Roulette Mathematics

Roulette is one of the most popular casino games worldwide and is often featured in movies due to the glamorous associations it has come to enjoy. The spinning wheel, and the ball bobbing around before coming to rest on one of 38 spaces, generates a unique sense of anticipation among betters. Behind all the fun is a complex set of mathematics at play, and an understanding some of the mathematics of Roulette could be the difference between that big win and a loss.

Roulette Mathematics principles

Roulette is based on independent events, which means that any event (say, the ball landing on a certain numbered slot on the wheel) is not influenced by previous events and does not influence future events. This is in opposition to dependent events, such as in blackjack, where the outcome is affected by previous outcomes.

Roulette odds

The payout ratio for betting on one number in Roulette is 35:1, which means that if you bet £10 that the ball will land on the number 8, for example, you will receive your £10 back plus another £350, if the ball does in fact land on 8. You can also bet on red or black, and the payout ratio for this is 1:1, because the probability of this occurring is much higher, so therefore the payout ratio is lower.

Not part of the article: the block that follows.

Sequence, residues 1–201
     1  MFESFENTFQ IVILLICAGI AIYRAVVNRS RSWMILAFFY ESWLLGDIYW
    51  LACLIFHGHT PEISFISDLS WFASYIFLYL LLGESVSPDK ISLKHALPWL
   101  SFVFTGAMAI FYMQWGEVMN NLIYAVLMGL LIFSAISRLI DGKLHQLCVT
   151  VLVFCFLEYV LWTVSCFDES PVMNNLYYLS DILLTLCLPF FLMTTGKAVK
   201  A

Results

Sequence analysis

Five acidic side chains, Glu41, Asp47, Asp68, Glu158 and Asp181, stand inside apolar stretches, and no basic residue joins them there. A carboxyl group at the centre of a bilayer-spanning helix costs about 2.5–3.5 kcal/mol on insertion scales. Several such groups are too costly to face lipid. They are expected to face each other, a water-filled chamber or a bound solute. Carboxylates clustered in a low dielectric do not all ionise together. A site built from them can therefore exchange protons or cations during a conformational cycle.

Because there are 36 red and black slots on a roulette wheel, and two green slots, the probability of landing on either red or black is slightly less than one in two. The probability of landing on a red slot is the number of red slots (18) divided by the total number of slots (38), which equates to 0.47, or 47%. Therefore, the probability of the ball not landing on red is 0.53, which means the house has the advantage and has a 53% chance of winning every bet on red a player makes. Read our theory of probability page if you’re interested in finding out more about the concept of probability.

Expected Value in Roulette

The concept of Expected Value is at play in all casino games including Roulette. In short, the Expected Value is what a player can theoretically expect to win or lose if they play repeatedly with the same bet. Using the example of betting £10 on red, you could expect to lose £0.53 for each spin. Read our Expected Value page for an explanation of this.

Our Gambling Mathematics glossary should be of use if you’re interested in a quick overview of the main concepts relating to the mathematics of gambling.